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Bank of England: interest rates may need to rise before late 2019

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The Bank of England said on Thursday that it may need to raise interest rates before the late 2019 date that markets had been expecting, assuming Britain can leave the European Union smoothly in two years' time.

[LONDON] The Bank of England said on Thursday that it may need to raise interest rates before the late 2019 date that markets had been expecting, assuming Britain can leave the European Union smoothly in two years' time.

With only a month until a national election, the BoE said the short-term squeeze on households from inflation since June's Brexit vote would be more severe than it predicted in February, with price growth peaking at over 2.8 per cent late this year.

Britain's economy shrugged off expectations of a recession after last year's referendum, and chalked up one of the fastest growth rates among major rich economies.

But official data has soured since the start of the year.

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Data published on Thursday showed industrial production disappointed in the first quarter, and little boost for exporters from the fall in the pound since the Brexit vote.

Many economists expect tougher times ahead as Prime Minister Theresa May starts two years of fraught Brexit talks before the country leaves the European Union at the end of March 2019.

The BoE policymakers said on Thursday they could only do so much to offset the Brexit hit to the economy.

"Monetary policy cannot prevent either the necessary real adjustment as the United Kingdom moves towards its new international trading arrangements or the weaker real income growth that is likely to accompany that adjustment over the next few years," the Bank said in a summary of its meeting.

However, the BoE said it expected a pick-up in foreign trade and investment would offset a shortfall in domestic demand this year, and then saw a sharp pick-up in hitherto lacklustre wage growth as unemployment fell to its lowest in a generation.

"Monetary policy could need to be tightened by a somewhat greater extent over the forecast period than the very gently rising path implied by the market yield curve underlying the May projections," the BoE said on Thursday.

This could imply the BoE will raise rates for the first time since 2007 just as Britain leaves the EU.

Sterling slipped after the Bank's announcement which some investors had expected to show a deepening split among policymakers about the need for higher interest rates now, something that did not materialise.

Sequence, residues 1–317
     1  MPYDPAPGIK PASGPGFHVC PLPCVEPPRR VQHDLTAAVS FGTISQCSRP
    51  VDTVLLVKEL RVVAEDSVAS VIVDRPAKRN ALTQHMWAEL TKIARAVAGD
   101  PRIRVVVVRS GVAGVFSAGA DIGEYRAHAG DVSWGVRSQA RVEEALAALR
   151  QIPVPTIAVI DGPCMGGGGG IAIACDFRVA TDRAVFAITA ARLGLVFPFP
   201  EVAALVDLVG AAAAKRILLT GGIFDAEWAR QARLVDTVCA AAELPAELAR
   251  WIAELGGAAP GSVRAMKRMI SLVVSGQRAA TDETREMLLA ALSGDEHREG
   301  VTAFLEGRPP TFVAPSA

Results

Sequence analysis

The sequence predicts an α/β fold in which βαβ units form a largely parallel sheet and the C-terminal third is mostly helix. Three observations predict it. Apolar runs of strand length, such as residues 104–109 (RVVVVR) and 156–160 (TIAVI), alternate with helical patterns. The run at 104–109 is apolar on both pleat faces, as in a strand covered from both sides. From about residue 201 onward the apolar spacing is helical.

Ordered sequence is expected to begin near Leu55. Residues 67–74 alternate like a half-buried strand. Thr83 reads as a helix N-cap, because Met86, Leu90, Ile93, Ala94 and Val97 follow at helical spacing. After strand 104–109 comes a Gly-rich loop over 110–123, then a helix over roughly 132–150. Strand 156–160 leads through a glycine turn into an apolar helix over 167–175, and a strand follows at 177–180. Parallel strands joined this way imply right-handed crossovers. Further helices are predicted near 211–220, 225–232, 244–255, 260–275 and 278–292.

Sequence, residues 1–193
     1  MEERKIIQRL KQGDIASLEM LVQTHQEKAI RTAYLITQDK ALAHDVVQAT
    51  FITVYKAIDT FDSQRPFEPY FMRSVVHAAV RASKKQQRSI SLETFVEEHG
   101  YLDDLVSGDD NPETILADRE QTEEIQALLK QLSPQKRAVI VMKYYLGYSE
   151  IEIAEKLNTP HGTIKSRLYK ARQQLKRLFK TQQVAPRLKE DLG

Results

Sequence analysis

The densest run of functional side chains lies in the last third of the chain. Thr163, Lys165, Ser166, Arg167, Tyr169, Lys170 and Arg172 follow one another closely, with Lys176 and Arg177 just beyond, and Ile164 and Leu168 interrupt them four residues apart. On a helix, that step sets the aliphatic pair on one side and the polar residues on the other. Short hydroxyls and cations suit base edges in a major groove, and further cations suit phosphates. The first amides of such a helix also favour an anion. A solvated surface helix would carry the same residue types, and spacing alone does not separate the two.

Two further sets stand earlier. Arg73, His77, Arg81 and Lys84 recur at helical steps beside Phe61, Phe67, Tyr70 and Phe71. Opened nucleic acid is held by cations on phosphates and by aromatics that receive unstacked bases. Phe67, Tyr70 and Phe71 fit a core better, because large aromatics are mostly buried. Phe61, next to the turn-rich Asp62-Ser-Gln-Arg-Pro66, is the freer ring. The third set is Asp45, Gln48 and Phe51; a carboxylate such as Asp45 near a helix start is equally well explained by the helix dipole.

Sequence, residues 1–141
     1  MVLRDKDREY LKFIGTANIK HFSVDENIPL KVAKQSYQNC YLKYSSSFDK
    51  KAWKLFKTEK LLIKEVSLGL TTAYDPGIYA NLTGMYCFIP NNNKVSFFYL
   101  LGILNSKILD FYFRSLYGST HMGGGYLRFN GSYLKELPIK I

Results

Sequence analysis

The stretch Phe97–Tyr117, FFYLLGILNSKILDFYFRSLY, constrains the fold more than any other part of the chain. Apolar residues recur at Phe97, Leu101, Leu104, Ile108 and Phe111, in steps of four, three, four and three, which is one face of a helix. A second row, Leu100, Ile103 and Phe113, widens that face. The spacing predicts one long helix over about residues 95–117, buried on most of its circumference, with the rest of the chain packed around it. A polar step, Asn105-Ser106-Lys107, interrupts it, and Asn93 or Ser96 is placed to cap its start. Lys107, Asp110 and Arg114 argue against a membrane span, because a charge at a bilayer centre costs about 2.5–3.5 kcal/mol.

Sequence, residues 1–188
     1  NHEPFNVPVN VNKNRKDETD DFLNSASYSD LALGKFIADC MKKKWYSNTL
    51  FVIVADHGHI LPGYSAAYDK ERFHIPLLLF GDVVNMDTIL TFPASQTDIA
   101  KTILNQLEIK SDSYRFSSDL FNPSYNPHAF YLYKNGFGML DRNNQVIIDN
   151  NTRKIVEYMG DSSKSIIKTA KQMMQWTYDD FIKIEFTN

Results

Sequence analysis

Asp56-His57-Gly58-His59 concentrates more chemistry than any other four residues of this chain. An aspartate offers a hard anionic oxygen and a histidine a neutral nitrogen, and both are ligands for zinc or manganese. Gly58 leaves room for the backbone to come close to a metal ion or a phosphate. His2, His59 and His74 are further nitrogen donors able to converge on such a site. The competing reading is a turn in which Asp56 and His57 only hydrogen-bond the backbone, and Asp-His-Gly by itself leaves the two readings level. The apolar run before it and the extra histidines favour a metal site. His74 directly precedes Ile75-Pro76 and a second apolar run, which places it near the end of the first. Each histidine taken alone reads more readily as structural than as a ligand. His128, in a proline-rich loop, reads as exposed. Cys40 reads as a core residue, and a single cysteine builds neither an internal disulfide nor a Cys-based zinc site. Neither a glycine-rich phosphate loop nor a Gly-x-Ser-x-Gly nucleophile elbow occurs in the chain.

"The Monetary Policy Committee remained in wait-and-see mode this month," Confederation of British Industry chief economist Rain Newton-Smith said.

"Any changes to monetary policy are unlikely in the near future, particularly amid ongoing uncertainty over the impact and outcomes of EU negotiations."

The financial market instruments which the Bank of England uses to construct its economic forecasts have fully priced in an interest rate rise only in the final three months of 2019, nine months later than in the last set of forecasts in February.

These market assumptions were based on average prices in the two weeks to May 3. Since then, markets have moved to price an earlier rate hike by the Bank of England and sterling has strengthened, which should help to push down on inflation.

The BoE said its latest forecasts assumed "that the adjustment to the United Kingdom's new relationship with the European Union is smooth".

In February BoE Governor Mark Carney warned of "twists and turns" on the road to Brexit.

The BoE's Monetary Policy Committee (MPC) voted 7-1 in favour of keeping interest rates on hold at their record low 0.25 per cent this month, as expected in a Reuters poll of economists.

American academic Kristin Forbes, who leaves the MPC at the end of June, again voted to raise rates to 0.5 per cent and warned that the overshoot in inflation could become more protracted without tightening policy now.

Echoing language from the last policy meeting in March, the BoE said it would not take much upside news on growth and inflation for some other members of the MPC to join Ms Forbes.

The central bank trimmed its forecast of growth this year to 1.9 per cent from 2.0 per cent, but nudged up its forecasts for 2018 and 2019 to 1.7 per cent and 1.8 per cent. Last year Britain's economy grew 1.8 per cent.

The BoE said inflation was likely to fall back to 2.16 per cent in just over two years' time - still above the BoE's target - and then pick up slightly going into 2020. Usually Bank of England inflation forecasts show inflation falling steadily back to target.